I've been running the a Glyph PortaGig RAID 0 through the OWC eSata->USB3 adapter with >150MB/s results since I got my retina, but a similarly priced StarTech adapter (with a smaller, simpler form factor) was only getting 25MB USB2 speeds.
Otherwise, everything was working fine and I was hesitant to f*** with it by running any upgrades (at least until Apple's TB->FW800 adapter de-sublimates. I am running a $250+ Sonnet TB->EC34 Adapter->StarTech twin FW800 Expresscard->Apollo/UAD Satellite setup that personally offends me but ****, I need to work, right? There's another thread for whining about the missing FW adapter.)
After 48 hours deliberation, I did the SMC and MBPr 1.0 upgrades this morning.
The sky didn't fall, everything is still running well, and the StarTech eSATA->USB3 adapter is now finally running the Glyph at <>160MB/s speeds.
Based on a few reports that USB2 audio devices weren't working well with the rMBP's USb3 ports, I experimented with a Targus USB3 Combo Hub -- 3 x USB3 ports and 4 x USB2 ports, all powered. My 7-port Belkin USB2 hub is daisychained to one of the USB2 ports.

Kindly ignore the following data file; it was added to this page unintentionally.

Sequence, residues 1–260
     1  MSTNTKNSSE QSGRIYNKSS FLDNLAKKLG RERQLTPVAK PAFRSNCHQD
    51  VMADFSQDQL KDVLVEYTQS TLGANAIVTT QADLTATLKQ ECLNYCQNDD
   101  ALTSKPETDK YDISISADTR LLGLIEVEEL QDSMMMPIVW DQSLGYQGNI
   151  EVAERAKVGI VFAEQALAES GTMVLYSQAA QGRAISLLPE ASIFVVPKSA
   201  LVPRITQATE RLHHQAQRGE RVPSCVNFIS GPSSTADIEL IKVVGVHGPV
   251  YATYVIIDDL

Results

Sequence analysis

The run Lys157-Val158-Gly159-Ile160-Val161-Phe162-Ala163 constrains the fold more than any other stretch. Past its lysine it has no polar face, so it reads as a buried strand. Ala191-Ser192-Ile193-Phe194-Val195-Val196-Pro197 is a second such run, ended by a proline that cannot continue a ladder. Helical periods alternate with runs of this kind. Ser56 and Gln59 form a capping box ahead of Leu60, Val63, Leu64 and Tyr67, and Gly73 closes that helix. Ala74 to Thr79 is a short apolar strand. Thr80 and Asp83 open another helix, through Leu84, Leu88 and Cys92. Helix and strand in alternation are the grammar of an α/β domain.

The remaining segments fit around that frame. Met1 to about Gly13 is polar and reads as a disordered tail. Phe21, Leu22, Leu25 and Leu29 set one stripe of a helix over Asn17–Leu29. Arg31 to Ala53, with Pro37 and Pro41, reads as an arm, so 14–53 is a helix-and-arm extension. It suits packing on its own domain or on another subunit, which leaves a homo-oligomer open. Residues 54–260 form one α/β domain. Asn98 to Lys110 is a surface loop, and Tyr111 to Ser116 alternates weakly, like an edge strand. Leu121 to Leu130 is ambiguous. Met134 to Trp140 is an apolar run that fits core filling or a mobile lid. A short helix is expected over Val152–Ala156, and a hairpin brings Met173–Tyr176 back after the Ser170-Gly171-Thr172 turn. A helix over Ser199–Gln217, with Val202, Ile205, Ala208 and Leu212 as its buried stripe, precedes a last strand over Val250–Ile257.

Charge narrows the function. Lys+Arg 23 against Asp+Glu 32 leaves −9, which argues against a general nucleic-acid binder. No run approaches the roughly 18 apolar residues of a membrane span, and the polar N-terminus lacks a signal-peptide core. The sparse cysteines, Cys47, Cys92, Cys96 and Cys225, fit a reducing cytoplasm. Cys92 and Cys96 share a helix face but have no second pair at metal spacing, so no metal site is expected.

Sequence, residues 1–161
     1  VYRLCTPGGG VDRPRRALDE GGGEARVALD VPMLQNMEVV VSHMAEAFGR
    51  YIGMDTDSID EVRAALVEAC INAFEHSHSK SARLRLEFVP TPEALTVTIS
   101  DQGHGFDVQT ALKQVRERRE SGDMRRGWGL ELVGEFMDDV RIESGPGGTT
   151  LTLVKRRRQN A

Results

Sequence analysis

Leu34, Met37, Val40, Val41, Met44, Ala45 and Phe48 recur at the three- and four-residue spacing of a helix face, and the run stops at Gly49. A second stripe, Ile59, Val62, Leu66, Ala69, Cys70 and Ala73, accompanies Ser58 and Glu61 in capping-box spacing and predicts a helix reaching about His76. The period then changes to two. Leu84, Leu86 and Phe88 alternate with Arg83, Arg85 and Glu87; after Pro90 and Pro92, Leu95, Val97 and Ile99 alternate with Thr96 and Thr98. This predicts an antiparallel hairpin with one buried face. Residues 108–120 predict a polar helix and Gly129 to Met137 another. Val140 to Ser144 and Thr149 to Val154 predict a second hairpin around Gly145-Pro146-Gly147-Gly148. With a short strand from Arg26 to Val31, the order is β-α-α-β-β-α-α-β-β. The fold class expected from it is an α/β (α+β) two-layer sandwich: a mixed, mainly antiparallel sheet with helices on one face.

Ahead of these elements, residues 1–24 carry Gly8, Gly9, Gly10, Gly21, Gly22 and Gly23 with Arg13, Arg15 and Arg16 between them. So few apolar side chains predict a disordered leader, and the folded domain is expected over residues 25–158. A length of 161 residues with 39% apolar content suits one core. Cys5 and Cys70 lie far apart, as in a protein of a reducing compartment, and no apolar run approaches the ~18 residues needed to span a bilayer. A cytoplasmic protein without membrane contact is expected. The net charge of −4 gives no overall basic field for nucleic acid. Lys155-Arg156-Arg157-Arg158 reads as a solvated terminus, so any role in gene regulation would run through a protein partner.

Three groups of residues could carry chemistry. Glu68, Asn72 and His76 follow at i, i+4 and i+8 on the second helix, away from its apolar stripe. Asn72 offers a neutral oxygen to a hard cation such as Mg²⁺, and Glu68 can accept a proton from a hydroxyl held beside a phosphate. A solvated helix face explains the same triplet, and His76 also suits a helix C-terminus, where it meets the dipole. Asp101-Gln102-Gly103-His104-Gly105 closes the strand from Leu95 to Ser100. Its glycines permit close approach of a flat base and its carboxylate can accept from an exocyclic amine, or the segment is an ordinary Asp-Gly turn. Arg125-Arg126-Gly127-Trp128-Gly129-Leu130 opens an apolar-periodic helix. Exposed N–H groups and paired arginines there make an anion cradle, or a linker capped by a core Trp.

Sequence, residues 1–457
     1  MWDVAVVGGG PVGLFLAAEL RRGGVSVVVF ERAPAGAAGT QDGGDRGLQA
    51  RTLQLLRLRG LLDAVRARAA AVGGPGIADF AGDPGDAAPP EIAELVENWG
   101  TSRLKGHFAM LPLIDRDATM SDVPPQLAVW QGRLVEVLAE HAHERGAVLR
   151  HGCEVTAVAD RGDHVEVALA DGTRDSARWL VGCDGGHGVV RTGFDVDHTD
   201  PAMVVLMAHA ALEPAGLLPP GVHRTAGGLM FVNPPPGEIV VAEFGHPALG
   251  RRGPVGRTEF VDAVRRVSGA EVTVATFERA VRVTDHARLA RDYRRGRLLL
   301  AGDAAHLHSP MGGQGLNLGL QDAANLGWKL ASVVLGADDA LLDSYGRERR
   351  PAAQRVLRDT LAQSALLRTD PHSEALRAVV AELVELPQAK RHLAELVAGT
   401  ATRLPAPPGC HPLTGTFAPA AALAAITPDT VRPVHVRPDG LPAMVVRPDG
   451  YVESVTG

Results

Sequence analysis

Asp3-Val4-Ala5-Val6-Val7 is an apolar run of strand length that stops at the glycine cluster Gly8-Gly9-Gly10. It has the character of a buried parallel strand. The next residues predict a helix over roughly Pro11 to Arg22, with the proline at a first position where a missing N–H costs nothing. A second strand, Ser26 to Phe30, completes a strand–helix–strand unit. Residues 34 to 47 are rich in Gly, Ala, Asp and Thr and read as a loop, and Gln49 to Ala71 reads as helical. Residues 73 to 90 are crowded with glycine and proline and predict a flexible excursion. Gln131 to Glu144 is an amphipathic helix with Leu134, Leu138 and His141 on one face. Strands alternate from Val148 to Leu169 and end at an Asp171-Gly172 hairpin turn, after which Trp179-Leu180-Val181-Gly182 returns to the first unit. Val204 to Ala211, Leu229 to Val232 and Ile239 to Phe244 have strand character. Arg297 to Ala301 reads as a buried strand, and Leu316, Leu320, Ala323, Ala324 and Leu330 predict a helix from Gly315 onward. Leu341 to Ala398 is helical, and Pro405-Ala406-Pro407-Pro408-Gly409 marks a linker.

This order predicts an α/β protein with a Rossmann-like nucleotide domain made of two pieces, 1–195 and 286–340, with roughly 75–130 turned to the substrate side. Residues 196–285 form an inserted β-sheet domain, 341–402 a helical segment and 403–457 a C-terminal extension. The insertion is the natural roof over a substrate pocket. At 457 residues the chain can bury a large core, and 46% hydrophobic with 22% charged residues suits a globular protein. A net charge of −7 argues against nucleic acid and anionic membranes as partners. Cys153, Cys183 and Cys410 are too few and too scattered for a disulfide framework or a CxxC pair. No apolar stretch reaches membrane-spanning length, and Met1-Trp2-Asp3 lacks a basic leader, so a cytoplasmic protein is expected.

Most important to me was the latency and timing of both an Apogee Duet USB2 and an Emagic Unitor 8 MIDI interface (USB 1.1!). Soon after I plugged in the Unitor, Software Update offered a Unitor update. Everything has worked fine with those pieces, both before and after the Apple upgrades. (Once again, I took the time to download current DMGs for all my hardware.)
Apple hasn't sent me a Mountain Lion UTD code yet, but I have a feeling I'll wait for 10.8.2 before I take that plunge.
There is a problem with the MB Retina and USB 3. I can usually use it just fine, but every two weeks or so, USB 3 stops working. USB 2 works fine, even for disk mounts, but USB 3 disks just sit there. (The MBP Retina is plugged in.) The USB 3 disks do not show up in System Info. I'm lucky, rebooting seems to fix the problem, but I worry that the problem will get more serious. I don't want to be rebooting all the time.